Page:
The National Park Idea

At the junction of the Gibbon and Firehole rivers, members of the Washburn Expedition camped in September, 1870, after exploring much of what is now Yellowstone Park. In his reminiscences many years later, one of the expedition’s leaders, Nathaniel P. Langford, credited fellow expedition member Cornelius Hedges with originating the national park idea at that time and upon this spot. For a few years in the middle of the 20th century, an annual ant was held at Madison to reenact the story of the National Park idea. Historians now point out that Hedges was only one of several forward-thinking men (including Langford himself) who believed in preserving this area for the enjoyment of all future generations and preventing it from being divided up and commercially exploited. These men worked to persuade Congress and the American people to set aside this unique area as the first national park in the entire world.

There is no proof that this campfire conversation did not take place, but neither is there any proof that it did. Perhaps we should preserve this creation story as part of Yellowstone’s heritage. 0.4/16.6 Gibbon River Bridge. Look for bison (also called buffalo) in the wide meadow along the river, where a large herd often spends the summer. Bison may seem placid but can be dangerous if approached too closely. 0.6/16.4 Firehole Canyon Drive begins. This narrow road is now one way north to south, but until it was damaged during the 1959 Hebgen Lake earthquake, it was part of the Grand Loop Road. It’s about the same length as the newer main road and well worth taking. Firehole Canyon Drive NOTE: The mileage from the beginning Grand Loop Road mileage continues at Firehole Canyon Drive rejoins it.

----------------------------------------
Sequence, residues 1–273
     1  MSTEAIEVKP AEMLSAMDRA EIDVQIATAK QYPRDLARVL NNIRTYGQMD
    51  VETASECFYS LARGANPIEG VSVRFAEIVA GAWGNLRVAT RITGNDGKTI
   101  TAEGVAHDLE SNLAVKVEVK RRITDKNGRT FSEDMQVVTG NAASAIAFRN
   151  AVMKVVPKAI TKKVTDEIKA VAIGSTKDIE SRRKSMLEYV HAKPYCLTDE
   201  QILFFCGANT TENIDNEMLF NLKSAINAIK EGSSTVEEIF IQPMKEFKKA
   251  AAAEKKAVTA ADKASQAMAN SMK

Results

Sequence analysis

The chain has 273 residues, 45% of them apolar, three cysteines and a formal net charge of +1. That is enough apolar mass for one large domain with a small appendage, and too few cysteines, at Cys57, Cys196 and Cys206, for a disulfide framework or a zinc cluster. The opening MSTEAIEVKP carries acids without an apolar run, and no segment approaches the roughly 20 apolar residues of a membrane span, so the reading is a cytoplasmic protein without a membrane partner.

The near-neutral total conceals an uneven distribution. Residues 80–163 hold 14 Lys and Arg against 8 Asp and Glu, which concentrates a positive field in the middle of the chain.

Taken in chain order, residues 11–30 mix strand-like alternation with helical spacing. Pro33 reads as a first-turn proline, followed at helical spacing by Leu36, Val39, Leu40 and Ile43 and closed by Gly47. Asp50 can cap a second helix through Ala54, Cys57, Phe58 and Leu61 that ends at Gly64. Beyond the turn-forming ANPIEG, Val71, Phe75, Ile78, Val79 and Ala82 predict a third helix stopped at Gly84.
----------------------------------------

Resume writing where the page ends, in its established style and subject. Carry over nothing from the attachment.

(0.4) The small spring at the left was a favorite spot for refreshing oneself, but now Yellowstone’s water cannot be guaranteed safe for drinking. Near here occurred the last of five stagecoach robberies in the park. In July of 1915, one highwayman stopped five coaches and robbed passengers of some 200 dollars. One of the victims happened to be Bernard Baruch, statesman and advisor to U.S. presidents for nearly half a century. According to Jack Haynes’s booklet, Yellowstone Stage Holdups, Baruch later commented, It was the best 50 dollars I ever spent! The robber was never brought to justice. (0.7) As the road climbs away from the river, look for a rhyolite flow to the left. Rhyolite lava, a rock rich in silica, is commonly found in Yellowstone in the form of tuff or obsidian, and occasionally as pumice.

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